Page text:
Advent begins on Sunday and at 8&H we will focus on it’s meaning for the next four weeks. Christians have honored this discipline across traditions, cultures, and centuries, but it remains a little foreign to us in the Churches of Christ. So, here are some basics for you to consider in advance of the season.
What is Advent?
Advent is the first season of the historic Christian calendar. The season begins four Sundays before Christmas and ends on the evening of December 24 (which is called Christmastide – the point in time when Advent gives way to Christmas). The focus of Advent is on learning to anticipate God’s faithfulness in keeping his promises.
The Christian Calendar?
To understand Advent, you need to know some things about the broader Christian calendar. At it’s most basic level, the historic Christian calendar is a discipline in the life of many churches that annually leads Christians through the life of Jesus. There are four basic seasons: Advent, Christmas, Lent, and Easter. As churches move through each season, they collectively play out the life of Jesus in the corporate life of their community. Practiced intentionally year after year, this becomes a powerful rhythm that can draw us closer into life with Christ as congregations take nearly half of each year to reenact the life of Jesus.
Advent is the first season of this reenactment and it represents the centuries of faithful longing on the part of God’s people prior to the coming of the Messiah. Advent cautions us against rushing ahead to the celebration of Christmas because we still live “in between the times”: God’s kingdom project has begun, but he isn’t finished. Living in the middle, between promise and fulfillment, we are called to be a people characterized by the anticipation of God’s faithfulness.
Before the celebration of Christmas – “God has come!” – Advent teaches us to wait: “God is coming.”
Advent Is a Discipline
As mentioned above, Advent (and the broader Christian calendar) is best seen as a discipline. Broadly speaking, Christian disciplines are practices or rhythms of life that make room for God to work on, in, with, and through us. Think of Advent as a time to exercise the spiritual muscles needed to faithfully and patiently wait on God. Advent is not the only time of the year we should practice anticipation, but it is when we work those muscles out so they can be used the rest of the year.
Is Advent “Scriptural”?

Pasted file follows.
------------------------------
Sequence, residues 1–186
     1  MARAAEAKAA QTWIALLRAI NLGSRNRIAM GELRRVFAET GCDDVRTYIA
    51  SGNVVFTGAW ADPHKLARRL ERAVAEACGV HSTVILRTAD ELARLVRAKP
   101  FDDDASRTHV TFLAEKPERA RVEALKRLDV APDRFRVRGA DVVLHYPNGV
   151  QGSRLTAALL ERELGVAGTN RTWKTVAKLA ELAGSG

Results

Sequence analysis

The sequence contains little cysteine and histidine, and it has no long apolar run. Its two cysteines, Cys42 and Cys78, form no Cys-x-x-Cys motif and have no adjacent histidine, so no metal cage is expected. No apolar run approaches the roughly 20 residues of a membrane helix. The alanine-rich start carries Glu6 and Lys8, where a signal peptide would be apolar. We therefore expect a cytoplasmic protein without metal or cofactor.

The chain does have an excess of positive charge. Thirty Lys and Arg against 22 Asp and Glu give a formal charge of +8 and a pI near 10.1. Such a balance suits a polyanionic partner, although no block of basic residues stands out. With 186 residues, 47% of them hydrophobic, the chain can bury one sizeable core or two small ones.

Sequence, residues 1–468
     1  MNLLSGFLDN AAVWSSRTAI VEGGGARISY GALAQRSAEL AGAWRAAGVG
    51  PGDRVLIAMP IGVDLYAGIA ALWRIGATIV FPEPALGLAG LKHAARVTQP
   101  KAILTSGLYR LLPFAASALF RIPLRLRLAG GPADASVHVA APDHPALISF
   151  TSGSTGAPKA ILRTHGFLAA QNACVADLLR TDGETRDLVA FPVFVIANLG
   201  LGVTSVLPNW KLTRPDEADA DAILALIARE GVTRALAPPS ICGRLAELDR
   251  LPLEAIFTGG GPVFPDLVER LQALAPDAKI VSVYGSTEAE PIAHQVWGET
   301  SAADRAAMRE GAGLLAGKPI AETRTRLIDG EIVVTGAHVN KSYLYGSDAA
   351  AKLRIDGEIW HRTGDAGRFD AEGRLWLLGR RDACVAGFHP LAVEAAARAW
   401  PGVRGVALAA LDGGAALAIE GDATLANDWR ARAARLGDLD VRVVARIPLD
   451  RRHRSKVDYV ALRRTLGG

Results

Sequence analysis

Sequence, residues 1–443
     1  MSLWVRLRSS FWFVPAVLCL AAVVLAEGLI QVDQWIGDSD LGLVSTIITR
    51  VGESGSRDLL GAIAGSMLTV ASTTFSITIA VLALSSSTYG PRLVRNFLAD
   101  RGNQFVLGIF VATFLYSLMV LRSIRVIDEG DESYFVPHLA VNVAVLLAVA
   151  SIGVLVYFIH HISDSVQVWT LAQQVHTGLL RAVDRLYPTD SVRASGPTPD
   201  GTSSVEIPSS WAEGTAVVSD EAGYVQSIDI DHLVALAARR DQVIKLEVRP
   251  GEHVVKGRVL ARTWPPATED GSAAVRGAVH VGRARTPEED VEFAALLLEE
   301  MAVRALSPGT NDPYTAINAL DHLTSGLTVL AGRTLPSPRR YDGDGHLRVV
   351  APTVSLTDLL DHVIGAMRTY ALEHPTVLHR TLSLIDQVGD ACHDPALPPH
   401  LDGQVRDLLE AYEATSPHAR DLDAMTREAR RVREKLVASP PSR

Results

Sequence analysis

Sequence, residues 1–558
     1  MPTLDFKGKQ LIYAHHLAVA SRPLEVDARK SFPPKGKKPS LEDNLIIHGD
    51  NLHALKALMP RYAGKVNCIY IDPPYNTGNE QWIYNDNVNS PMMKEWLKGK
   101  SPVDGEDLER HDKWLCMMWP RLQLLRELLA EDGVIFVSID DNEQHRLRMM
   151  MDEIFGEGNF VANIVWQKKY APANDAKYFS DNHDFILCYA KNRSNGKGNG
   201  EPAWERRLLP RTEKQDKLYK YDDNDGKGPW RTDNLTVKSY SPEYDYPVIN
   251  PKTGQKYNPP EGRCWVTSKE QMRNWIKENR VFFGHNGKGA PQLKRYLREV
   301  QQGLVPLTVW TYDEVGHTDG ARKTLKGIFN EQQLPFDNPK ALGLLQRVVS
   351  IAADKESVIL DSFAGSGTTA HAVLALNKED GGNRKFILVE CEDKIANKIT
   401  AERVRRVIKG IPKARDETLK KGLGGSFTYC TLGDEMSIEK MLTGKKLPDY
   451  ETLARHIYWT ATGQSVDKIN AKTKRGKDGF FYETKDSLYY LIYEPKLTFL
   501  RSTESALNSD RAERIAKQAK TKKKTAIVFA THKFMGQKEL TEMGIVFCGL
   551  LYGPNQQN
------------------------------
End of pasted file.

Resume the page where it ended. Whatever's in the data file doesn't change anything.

From the beginning, let me say that 8&H has acknowledged Advent for a long time. Each year when Mrs. Chris passes out the chocolate calendars on the last Sunday of November, she is passing out Advent calendars. Kids get one piece of chocolate each day – and only one when done right – leading up to Christmas. This is a way of practicing patience and building anticipation. So, Advent is nothing new to us.
But, is it Scriptural? I think that is a good and fair question, but we also need to be careful about what we mean when we ask it. If by “scriptural” we mean, “Is there an explicit command in the Bible binding the discipline of Advent on us?” the answer is no. But, we need to ask if this is the most faithful and helpful way of thinking about something being “scriptural.”
The New Testament commonly prescribes a general principle of practice and allows us the freedom to decide how that will be worked out in its details. Let me give you two examples.
First, the Bible asks us to practice hospitality, but we all understand that particular expressions of hospitality will differ depending on culture and circumstance. The principle is there, but we must go beyond the command to discern what faithfulness to that command will look like in our lives. The practice of taking guests from church to the Longhorn Cattle Company for lunch is not commanded in the Bible, but it is scriptural.
Second, it is obvious from Scripture that we ought to know and study our Bibles. That is an obligation. However, in fulfilling that obligation, faithful communities of God’s people have always needed to work out what that looks like. We have developed a common set of tools for fulfilling this obligation: Sunday School, Wednesday Night Bible Study, Ladies’ Bible Study, daily Bible reading, etc. Not one of these individual practices is explicitly commanded in the New Testament. In fact, it was not too long ago our cherished practice of daily, private Bible study would have been impossible because there were no personal copies of the Bible. Faithful Christians in those situations needed to find other ways to be obedient to that obligation.
Advent is scriptural in the same way that taking people out to lunch or going to Sunday School is scriptural. It is not explicitly commanded in the Bible, but it is a way of working out things that we are obligated to. We can’t bind the practice of Advent on people as a matter of doctrine – as a “salvation issue” – and I don’t know anyone (in our context) who wants to do that. However, we can point to the wisdom of practicing this discipline that has helped shape Christians deeply for centuries and invite others to come on the journey.